When someone dies there’s often an overwhelming feeling of grief and loss. While it’s incredibly important to process the emotions associated with death, often the practicalities of arranging a funeral have to be dealt with first. A systematic and pragmatic approach to arranging a funeral is often best, but the occasion should be as much about celebrating the life of the friend or loved one as it is about saying farewell. So, read on to find out what to do when a loved one dies.

And to help you through this often difficult and confusing time, our guide to grief and loss will assist you to balance the legal, financial and practical requirements of the process, fully understanding the role of a funeral director and costs of a funeral, while addressing the wishes of the person you have lost.

What is grief

If you’ve ever lost a loved one, then you will recognise grief – a natural and inevitable response to loss. 

However, grief is very individual. Everyone experiences and expresses grief in their own way. Nevertheless, as a starting point, it may help to be aware of the five stages of grief ­– denial, anger, bargaining, depression and acceptance – even though you may not experience them in such a defined manner.


In this very first stage of grief, it is common to feel numbness, shock and disbelief. At this stage, we may not actually believe our loved one has passed away. It’s the way in which we protect ourselves from the great intensity and shock of loss. Time will allow us to take in the initial impact of losing a loved one, and, with it, the denial diminishes.


When reality sinks in, anger can be a normal response to loss, particularly if you feel helpless, powerless or abandoned. This can be expressed in many ways, and be directed at anyone: your loved one, a doctor, at the world or even yourself. Anger towards yourself tends to arise if you feel guilty, perhaps for leaving things unsaid, having under-appreciated the deceased or not ‘having done more’. But anger can dissipate once you acknowledge it and allow yourself to feel it as part of the healing process.


At this stage of grief, you may find you’re ‘bargaining’ in your mind. You may have thoughts such as “what could I have done to prevent the death”. Some people may become obsessed with thinking of ways in which the person's life could’ve been saved. This may bring about deep guilt or anger, which may interfere with the healing process. This can be exacerbated by the manner of the death of your relative or friend, particularly if they were involved in an accident or chose to suicide. In this case, specialised grief counselling may be necessary.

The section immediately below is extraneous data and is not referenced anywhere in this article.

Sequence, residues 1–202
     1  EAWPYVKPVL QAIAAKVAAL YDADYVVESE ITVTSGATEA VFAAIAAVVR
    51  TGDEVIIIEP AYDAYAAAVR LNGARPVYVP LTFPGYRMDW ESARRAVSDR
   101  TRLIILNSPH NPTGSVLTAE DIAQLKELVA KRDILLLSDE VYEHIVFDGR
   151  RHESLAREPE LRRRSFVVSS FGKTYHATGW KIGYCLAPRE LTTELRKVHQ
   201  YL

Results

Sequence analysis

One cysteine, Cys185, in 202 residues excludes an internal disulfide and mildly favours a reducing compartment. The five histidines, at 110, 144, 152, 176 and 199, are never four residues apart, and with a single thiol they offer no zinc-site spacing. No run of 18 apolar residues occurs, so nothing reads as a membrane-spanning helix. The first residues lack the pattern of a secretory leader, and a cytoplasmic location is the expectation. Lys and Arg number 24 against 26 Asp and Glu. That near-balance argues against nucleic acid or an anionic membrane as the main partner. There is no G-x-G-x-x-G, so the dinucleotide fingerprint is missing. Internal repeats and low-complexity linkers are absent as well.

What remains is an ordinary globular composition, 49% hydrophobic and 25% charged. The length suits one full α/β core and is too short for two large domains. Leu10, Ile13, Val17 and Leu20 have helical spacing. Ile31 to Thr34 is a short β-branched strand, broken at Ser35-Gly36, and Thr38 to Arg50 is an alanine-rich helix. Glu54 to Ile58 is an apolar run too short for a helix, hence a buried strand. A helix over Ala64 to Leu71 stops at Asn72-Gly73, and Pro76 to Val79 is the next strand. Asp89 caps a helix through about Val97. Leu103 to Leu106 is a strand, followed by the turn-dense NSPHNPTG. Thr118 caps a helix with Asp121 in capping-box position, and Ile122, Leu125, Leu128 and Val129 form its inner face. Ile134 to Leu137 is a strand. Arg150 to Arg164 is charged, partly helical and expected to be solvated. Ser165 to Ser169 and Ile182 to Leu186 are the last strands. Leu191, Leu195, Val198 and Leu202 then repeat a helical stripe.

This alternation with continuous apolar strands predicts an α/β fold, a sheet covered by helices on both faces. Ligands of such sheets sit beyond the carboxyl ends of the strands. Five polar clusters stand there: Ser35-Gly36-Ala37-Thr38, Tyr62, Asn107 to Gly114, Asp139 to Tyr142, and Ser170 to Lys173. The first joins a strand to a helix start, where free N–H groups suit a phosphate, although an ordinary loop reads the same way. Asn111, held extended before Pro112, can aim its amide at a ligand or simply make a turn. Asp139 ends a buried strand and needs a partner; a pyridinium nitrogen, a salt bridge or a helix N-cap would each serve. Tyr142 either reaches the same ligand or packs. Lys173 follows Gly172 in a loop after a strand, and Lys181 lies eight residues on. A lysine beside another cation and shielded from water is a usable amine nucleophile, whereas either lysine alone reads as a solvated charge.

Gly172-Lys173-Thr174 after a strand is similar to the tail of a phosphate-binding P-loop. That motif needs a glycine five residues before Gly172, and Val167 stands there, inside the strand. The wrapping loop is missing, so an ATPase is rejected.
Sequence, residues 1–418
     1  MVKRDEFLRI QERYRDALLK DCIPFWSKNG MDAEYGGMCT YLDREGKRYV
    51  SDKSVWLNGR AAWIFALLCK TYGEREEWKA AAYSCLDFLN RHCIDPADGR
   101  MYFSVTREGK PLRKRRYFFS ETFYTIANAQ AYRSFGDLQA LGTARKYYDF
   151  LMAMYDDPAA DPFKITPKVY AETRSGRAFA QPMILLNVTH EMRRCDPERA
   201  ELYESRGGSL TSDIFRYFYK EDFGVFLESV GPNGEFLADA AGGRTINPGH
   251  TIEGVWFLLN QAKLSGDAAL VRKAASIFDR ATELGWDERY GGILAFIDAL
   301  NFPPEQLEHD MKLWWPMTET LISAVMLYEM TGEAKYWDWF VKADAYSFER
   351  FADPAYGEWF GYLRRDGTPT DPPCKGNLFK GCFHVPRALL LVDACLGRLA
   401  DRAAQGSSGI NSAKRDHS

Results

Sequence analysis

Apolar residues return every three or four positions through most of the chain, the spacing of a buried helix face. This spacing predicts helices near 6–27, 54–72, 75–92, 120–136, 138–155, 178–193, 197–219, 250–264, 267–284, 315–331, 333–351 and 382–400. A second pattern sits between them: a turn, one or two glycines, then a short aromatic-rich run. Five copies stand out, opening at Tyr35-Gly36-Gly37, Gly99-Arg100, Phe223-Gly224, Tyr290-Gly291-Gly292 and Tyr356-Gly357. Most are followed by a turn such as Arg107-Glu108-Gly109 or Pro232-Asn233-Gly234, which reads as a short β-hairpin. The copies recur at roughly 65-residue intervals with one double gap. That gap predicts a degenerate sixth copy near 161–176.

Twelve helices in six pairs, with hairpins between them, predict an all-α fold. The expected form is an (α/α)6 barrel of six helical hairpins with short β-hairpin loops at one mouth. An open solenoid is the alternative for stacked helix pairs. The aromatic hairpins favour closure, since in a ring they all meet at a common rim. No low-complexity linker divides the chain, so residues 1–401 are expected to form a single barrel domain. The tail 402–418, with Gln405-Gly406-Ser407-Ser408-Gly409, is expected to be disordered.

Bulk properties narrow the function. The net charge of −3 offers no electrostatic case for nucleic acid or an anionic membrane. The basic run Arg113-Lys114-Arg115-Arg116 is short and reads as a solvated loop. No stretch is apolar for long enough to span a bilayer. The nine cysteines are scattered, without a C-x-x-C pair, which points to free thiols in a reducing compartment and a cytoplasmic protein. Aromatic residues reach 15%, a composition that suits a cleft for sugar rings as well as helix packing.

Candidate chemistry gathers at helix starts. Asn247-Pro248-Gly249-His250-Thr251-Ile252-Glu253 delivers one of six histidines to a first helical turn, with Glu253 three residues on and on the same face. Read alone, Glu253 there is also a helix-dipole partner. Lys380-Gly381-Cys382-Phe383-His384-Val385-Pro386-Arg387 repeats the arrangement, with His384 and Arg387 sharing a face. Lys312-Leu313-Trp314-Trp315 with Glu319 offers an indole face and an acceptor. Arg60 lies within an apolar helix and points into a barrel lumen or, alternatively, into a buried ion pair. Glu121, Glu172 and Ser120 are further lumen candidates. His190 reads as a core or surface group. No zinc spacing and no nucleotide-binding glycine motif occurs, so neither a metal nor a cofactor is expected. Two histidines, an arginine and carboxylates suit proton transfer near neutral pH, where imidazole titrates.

In this stage, the grief enters a deeper level. Realising the true nature of the loss can bring with it intense emptiness and sadness. You may find you have trouble sleeping, loss of appetite, bouts of crying and extreme exhaustion. Feelings of loneliness, abandonment, and anxiety may also arise. These are all signs of depression, which is a normal reaction to loss. This stage can last for some time – there’s no ‘normal’ period. So, remember to be kind and patient with yourself, and, again, seek professional help if you feel unable to function on a day-to-day basis.


The acceptance stage usually signifies that you are coming to terms with your loss. While this doesn’t mean you’ll no longer miss your loved one, you may not feel the grief as intensely as you once did. In time, you may find that instead of triggering sorrow, memories bring a smile to your face. At this stage, people are usually ready to learn how to live in the world without their loved one – it’s about processing how you’ll live your life now.

While understanding the five stages of grief can help you realise grief is a normal response to loss, it’s also important to remember grief is complex and very individual. Which is why not everyone will experience the five stages in the above order and some stages may overlap

Acknowledging your feelings – allowing yourself to feel them – and being kind to yourself will help you to heal when grieving the loss of a loved one.

Experiencing grief – what’s normal

Even though psychiatrists often refer to the above-mentioned five stages of grief in response to a significant loss, grief is a very personal response – as such, there is no wrong or right way to express it.

Some people wear their emotions on their sleeve, while others may not appear as if they’re grieving at all. In fact, individuals may come across as cold-hearted if they don’t cry at a funeral, or, if delivering a eulogy, do so without a tremble in their voice. Then there are those who may appear utterly insensitive for smiling at the news of a death; yet, it may be that they’ve done so out of a feeling of discomfort, or because they are genuinely ‘happy’ the deceased is no longer in physical and emotional pain.

And each person’s behaviour and emotions may change from one day to the next, while grief may last from a few weeks to years. There is no set or ‘right’ period to grieve. Such is the complexity and individuality of grief.

For these myriads of reasons, it’s important to not make assumptions or judge others on their reactions to death, or how they express, or don’t express, grief.

While everyone finds their own way to process grief, remember that you can also reach out to friends, family or specialised support groups for strength and solace at a time of deep pain and loss.

Doris Zagdanski at My Grief Assist offers further information on the experience of grief and loss which you may find helpful.

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